Iraq

Yazidis fear renewed genocide

Authorities in Ezidikhan, the self-declared Yazidi autonomous homeland in northern Iraq, appointed an Investigative Team on Genocide, primarily looking at massacres and enslavement that targeted the Yazidi people when ISIS was in control of their territory. But the team will also examine possible crimes and complicity by the Iraqi national government, its allied paramilitary forces, Kurdish Peshmerga, and foreign powers such as Turkey. The body is cooperating with the UN investigative team also working in the area, with an eye toward eventual establishment of an International Tribunal on Genocide for Yezidi and Neighboring Peoples. Yazidi leaders in the international diaspora are meanwhile expressing concern that the announced US withdrawal from Syria could lead to an ISIS resurgence—potentially threatening Yazidis both sides of the border. (Photo via Ezidikhan Public Information Bureau)

Iraq

Iraq: Baghdad and KRG in Kirkuk pipeline pact

The export of oil from northern Iraq's contested enclave of Kirkuk is to resume under a deal struck between Baghdad and the Kurdistan Regional Government (KRG), Iraq's Ministry of Oil announced. With Baghdad's Kirkuk-Ceyhan pipeline disabled during fighting with ISIS, the so-called KRG pipeline is currently the only method of delivering Kirkuk oil to foreign markets other than through Iran. That route has now also been cut off by the resumption of US sanctions against the Islamic Republic. But Baghdad and the KRG have long been at odds over terms, and the situation was worsened with the central government's seizure last year of Kirkuk and its oil-fields, which had been in Kurdish hands since the KRG routed ISIS from the enclave in 2014. US National Security Advisor John Bolton welcomed the agreement between Baghdad and the KRG as a "promising first step to return to 2017 levels." The KRG pipeline is jointly owned by the Erbil-based KRG, BP and Russia's Rosneft. (Photo via Iraqi News Agency)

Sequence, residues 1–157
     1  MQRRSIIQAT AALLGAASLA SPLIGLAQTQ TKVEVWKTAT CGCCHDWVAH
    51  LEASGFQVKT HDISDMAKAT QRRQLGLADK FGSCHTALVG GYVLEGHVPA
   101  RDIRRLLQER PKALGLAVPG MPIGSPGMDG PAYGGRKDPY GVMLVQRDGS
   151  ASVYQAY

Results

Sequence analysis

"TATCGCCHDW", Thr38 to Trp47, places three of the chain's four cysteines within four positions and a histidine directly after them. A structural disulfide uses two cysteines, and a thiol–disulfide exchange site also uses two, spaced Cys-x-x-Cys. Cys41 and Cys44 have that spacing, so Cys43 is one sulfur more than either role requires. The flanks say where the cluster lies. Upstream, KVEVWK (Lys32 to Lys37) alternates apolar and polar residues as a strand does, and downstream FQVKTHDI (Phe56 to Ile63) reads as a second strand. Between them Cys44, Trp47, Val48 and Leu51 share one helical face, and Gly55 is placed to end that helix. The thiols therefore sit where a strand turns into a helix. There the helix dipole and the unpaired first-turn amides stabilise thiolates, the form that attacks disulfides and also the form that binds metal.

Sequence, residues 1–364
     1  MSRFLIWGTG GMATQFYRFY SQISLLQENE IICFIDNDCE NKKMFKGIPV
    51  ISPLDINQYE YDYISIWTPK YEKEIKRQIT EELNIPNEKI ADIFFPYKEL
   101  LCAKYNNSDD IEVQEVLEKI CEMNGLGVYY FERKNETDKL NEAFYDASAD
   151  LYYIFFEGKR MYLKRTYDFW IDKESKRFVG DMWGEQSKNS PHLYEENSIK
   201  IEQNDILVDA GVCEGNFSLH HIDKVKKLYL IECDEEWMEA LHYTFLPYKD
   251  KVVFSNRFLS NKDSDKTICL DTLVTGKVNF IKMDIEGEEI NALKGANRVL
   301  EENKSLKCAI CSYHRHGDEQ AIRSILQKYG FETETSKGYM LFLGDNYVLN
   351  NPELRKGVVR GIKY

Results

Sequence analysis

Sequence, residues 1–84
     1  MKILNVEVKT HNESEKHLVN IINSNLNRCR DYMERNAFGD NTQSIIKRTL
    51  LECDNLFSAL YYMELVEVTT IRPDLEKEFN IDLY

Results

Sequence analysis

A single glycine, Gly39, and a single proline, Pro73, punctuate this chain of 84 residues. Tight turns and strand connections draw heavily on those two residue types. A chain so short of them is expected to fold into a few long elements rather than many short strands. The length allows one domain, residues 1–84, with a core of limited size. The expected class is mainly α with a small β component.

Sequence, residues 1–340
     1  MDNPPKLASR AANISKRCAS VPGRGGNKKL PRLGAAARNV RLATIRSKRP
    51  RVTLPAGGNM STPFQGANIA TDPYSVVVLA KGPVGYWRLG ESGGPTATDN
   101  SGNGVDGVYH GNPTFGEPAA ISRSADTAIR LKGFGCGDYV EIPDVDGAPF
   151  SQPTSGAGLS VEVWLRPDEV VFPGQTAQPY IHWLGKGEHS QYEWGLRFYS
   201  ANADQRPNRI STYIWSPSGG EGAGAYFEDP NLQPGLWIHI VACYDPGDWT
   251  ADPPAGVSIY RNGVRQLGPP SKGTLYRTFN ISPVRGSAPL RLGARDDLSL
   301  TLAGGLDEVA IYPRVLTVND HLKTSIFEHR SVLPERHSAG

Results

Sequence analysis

Iraq

Mass graves found in former ISIS territory

In a joint report, the UN Assistance Mission for Iraq (UNAMI) and the Office of the High Commissioner for Human Rights (OHCHR) highlighted the challenges faced in providing justice for the families of victims found in mass graves in the territory formerly controlled by the "Islamic State of Iraq and the Levant." The final number of mass graves found was 202, with an estimated 6,000 to 12,000 victims buried at these sites. However, the final number of victims will not be available until all the sites are exhumed. The victims range from women and children to the elderly and those with disabilities, as well as members of the armed forces and police, and some foreign workers. It is anticipated that more mass grave sites will be found in the coming months and years. (Photo: WikiMedia via Jurist)